Choose Your Playing Field
So you want to build a new facility for advanced therapy manufacture? Before you start building, there is one essential element that you need to get right: site selection.
Grace Linton, Charles Heffernan |
sponsored by CRB
At first glance, the needs of an advanced therapy medicinal product (ATMP) facility may seem to be no different to those of a traditional bioprocessing facility – and indeed the clean rooms, testing and admin facilities will be very similar. Once you move into the commercial manufacture of ATMPs, however, more specific requirements will become apparent, particularly the “scale-out” rather than “scale-up” concept, gowning and segregation requirements, as well as community perception of the facility.
Building a facility that is fit for purpose begins with site selection. Your first choice is whether to build on a greenfield site – an undeveloped site with no pre-existing buildings – or fitout an existing shell building. It is common for companies to have surplus pharmaceutical manufacturing sites or warehouses that they wish to make use of, but in our experience, it can be difficult to optimize existing buildings for ATMP manufacture. With ATMPs, you need to consider expandability when creating the facility – how are you going to expand to accommodate future capacity as the business grows? This is particularly relevant for many autologous ATMP processes, since these can be manual and labor intensive, requiring additional space for expansion of capacity. These same limitations can apply to utility systems. If your space is constrained from the start by an existing building, then it can be tricky to truly optimize the facility.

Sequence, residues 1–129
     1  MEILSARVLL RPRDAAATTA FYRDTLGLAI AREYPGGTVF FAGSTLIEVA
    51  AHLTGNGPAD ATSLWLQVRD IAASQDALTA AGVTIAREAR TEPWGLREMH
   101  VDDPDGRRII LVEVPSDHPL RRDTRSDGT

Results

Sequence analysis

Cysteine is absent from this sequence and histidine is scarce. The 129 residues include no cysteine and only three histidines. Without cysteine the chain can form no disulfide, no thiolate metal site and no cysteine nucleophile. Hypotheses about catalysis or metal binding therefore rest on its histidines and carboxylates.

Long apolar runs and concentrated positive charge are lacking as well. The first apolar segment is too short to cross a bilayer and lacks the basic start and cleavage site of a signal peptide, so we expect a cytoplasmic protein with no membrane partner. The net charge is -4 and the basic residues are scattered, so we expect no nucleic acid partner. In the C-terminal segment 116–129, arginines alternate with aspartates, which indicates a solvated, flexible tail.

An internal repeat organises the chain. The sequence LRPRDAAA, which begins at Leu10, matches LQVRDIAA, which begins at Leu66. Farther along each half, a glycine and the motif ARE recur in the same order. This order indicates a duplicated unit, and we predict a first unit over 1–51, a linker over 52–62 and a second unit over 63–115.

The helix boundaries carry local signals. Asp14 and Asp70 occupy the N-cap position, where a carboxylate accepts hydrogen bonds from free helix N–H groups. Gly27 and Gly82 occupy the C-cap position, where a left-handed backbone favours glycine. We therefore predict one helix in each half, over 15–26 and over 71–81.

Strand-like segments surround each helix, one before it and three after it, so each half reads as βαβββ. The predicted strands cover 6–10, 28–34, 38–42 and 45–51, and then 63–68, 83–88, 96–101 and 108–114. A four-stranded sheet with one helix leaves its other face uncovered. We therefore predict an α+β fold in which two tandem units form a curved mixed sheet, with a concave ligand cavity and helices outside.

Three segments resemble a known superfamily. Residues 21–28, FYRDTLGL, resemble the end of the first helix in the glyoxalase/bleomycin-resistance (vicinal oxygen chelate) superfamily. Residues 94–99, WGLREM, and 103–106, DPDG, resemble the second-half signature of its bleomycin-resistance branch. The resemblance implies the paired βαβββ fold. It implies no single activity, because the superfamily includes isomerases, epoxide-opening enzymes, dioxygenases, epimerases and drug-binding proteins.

One cell therapy client we worked with selected what seemed to be an appropriate site in an urban city block in New York, but the project came undone once they considered their liquid nitrogen distribution strategy. There was no space for bulk tank storage (space is always at a premium in big cities), so they had to consider the use of portable cylinders, but that meant there would be an enormous quantity of cylinders to move throughout the building. When moving liquid nitrogen in enclosed spaces, such as an elevator, you cannot have an operator in the same space because of asphyxiation hazards. You need to set up a shipping and receiving dock for the cylinders, and you need a way of getting them into the elevator and transporting them without a person. Additionally, you need to ensure everything is logged. Ultimately, it would have commandeered one or two elevators during shifts. And logistically that wasn’t going to work, so the site choice was abandoned. The client moved to another site where there was a shell of an existing warehouse that could be better designed to suit their needs. If you are opting for an interior fitout option, then try to ensure that the space selected allows for flexibility.
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